New Orleans, Louisiana
June 26, 2016
June 26, 2016
August 28, 2016
Liberal Education/Engineering & Society
A Liberal Education Certified: A panel on integrating liberal education in a large, research-based institution
Engineering programs that provide opportunities for interdisciplinary collaboration, hands-on learning, and creativity are seen to help develop professionals more aware of their world and invested in its improvement. This liberal education can be achieved in multiple ways, through project-based learning, design-focused curricula, and exposure to non-technical disciplines, including the humanities and social sciences (HSS). Programs that successfully incorporate these approaches are often found within smaller, teaching-focused colleges, which can focus resources on creating these opportunities. Notably, Rose-Hulman, Harvey Mudd and Olin College, ranked top three for undergraduate engineering education in the 2015 US News and World’s university rankings, have mission statements articulating a student-focused experiential approach to engineering learning, while boasting enrollments of at most 2,200, and a single college focus: engineering and technology.
Achieving this type of holistic education is more challenging for larger multidisciplinary research institutions. The University of Toronto (Uoft) for example, has a student population of over 84,000 spread across three campuses and seventeen different degree granting Faculties (the equivalent of Colleges within the American system). Its Faculty of Applied Science and Engineering (FASE) has an enrollment of close to 5500 undergraduate and 2100 graduate students spread across a further eight departments. The size and complexity of UofT’s administrative model makes a centralized change in teaching philosophy challenging to implement across programs, and without embedded and integrated HSS offerings, students often look to outside Faculties for their complementary studies requirements. In this situation, students face multiple challenges: administratively, they compete with their HSS colleagues for spots in popular courses; culturally, they must adapt to new pedagogical approaches and classroom norms; and practically, they are forced to juggle the hefty demands of an engineering workload with the expectations of an HSS classroom. This panel discusses the small-scale approach developed at UofT to circumvent many of these challenges while ensuring that our students are provided with meaningful opportunities in the liberal arts.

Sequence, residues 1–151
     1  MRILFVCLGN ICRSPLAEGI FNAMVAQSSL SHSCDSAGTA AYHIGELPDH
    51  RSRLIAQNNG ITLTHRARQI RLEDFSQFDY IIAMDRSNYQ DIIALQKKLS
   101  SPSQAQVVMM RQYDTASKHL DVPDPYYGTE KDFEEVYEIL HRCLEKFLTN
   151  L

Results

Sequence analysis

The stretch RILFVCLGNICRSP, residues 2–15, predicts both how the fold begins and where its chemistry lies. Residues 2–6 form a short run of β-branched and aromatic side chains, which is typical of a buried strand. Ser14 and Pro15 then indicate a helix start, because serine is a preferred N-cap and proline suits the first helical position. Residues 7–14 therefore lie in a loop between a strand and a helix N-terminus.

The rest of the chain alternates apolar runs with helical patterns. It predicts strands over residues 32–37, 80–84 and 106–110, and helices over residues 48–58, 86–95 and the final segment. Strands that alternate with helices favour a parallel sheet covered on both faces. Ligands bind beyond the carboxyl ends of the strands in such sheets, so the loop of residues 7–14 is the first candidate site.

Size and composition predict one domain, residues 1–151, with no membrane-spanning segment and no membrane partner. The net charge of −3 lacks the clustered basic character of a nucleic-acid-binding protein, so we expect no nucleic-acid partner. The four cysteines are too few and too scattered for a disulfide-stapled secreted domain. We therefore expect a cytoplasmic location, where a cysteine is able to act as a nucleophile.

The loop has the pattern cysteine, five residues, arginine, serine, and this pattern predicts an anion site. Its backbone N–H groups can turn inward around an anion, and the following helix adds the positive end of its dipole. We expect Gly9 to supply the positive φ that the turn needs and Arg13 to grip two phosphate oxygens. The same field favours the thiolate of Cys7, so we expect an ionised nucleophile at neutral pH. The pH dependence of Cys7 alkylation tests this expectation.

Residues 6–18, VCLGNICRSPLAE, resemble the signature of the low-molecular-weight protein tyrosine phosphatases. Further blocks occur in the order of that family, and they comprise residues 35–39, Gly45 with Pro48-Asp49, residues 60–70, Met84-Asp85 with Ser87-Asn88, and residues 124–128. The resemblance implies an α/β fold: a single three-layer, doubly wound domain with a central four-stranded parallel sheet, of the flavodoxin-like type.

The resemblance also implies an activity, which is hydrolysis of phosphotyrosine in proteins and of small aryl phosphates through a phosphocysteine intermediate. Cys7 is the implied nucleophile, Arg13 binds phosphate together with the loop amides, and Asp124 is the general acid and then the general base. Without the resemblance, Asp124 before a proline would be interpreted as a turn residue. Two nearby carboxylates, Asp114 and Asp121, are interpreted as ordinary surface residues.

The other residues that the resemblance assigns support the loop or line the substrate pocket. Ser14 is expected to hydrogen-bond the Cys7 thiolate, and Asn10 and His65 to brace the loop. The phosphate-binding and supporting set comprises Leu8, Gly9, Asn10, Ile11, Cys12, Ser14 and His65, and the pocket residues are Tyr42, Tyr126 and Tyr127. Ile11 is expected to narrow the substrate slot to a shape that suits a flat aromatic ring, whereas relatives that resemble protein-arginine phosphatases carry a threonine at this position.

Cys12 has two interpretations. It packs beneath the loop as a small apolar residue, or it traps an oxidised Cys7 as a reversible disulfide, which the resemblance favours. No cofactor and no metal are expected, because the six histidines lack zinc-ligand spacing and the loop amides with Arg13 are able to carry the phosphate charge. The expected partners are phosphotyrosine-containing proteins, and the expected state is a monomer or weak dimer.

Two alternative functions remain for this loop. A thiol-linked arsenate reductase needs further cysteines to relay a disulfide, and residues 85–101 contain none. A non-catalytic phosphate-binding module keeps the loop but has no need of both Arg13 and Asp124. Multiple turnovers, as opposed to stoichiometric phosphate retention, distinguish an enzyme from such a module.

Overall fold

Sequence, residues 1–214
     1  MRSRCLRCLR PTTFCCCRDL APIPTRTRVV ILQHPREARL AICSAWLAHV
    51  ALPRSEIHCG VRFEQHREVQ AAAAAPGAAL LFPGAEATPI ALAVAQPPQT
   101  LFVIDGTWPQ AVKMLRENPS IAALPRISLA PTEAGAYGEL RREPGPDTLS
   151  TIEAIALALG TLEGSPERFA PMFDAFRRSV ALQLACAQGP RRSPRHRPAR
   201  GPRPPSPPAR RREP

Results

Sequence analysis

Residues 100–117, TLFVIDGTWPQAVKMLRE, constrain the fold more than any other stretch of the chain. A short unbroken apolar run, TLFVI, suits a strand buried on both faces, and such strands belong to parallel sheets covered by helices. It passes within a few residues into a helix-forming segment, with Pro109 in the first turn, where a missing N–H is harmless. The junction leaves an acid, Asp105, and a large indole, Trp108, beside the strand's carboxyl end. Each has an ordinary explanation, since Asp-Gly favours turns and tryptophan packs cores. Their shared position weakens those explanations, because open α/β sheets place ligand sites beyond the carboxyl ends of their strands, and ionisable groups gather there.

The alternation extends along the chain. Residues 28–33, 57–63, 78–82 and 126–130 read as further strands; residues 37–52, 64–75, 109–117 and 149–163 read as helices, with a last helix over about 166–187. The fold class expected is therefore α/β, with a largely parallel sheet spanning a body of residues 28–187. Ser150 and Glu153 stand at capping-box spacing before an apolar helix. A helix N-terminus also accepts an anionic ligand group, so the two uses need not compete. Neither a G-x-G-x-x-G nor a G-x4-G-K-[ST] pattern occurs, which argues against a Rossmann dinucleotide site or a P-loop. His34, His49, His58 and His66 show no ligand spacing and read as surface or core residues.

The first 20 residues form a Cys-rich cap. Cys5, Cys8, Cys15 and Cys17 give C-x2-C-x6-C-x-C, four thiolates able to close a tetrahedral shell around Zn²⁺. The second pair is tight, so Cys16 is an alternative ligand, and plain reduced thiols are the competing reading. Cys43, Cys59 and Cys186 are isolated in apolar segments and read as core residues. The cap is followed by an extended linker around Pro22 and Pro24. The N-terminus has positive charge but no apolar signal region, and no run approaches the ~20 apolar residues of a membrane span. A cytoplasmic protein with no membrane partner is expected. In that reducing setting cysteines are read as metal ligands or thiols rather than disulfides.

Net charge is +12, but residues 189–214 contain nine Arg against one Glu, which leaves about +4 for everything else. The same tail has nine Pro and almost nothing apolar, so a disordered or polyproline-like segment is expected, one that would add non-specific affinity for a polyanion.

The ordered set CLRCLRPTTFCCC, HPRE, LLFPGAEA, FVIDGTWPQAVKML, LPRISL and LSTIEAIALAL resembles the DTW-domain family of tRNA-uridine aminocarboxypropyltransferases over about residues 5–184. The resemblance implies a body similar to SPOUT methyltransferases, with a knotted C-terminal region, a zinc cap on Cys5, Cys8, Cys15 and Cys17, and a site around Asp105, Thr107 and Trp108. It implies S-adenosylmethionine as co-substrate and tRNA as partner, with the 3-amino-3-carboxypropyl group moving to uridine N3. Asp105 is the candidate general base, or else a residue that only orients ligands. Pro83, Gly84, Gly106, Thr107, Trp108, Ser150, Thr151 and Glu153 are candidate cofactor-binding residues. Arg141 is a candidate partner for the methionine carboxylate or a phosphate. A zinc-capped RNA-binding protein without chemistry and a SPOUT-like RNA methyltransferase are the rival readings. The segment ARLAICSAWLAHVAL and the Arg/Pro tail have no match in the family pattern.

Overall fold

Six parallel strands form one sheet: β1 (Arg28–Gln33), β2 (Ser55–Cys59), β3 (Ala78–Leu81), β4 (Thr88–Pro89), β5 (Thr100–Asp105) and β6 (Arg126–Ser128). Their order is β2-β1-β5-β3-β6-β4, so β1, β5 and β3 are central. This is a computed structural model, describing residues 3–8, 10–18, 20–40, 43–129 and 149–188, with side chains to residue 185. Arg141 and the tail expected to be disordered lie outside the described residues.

Seven years ago UofT’s Engineering Communication Program (ECP) introduced a suite of HSS electives to provide students with an alternative path to a liberal education. Led by faculty members from ECP in their area of specialization, these courses expose students to a new discipline using familiar approaches and content. Today, we offer six such electives--Representing Science on Stage, Science and Technology in the Popular Media, Language and Power, Engineering and Science in the Arts, Language and Meaning, and The Power of Story--as well as the opportunity to earn a Certificate in Communication. Awarded to students who complete three of these courses, the Certificate reflects the FASE’s success in promoting and rewarding student engagement in educational opportunities outside the core curriculum.
In this panel of the Associate Professors, Teaching Stream, and Lecturers who teach these courses, we explain our context at a top-flight research university, before discussing our courses and assessing their success in providing a liberal education for our students. A discussion period will allow us to share insights into how our approach could be adapted to programs that share characteristics of our institution.
*Note that this abstract is for a panel, and as per LEES guidelines identifying information has not been redacted.
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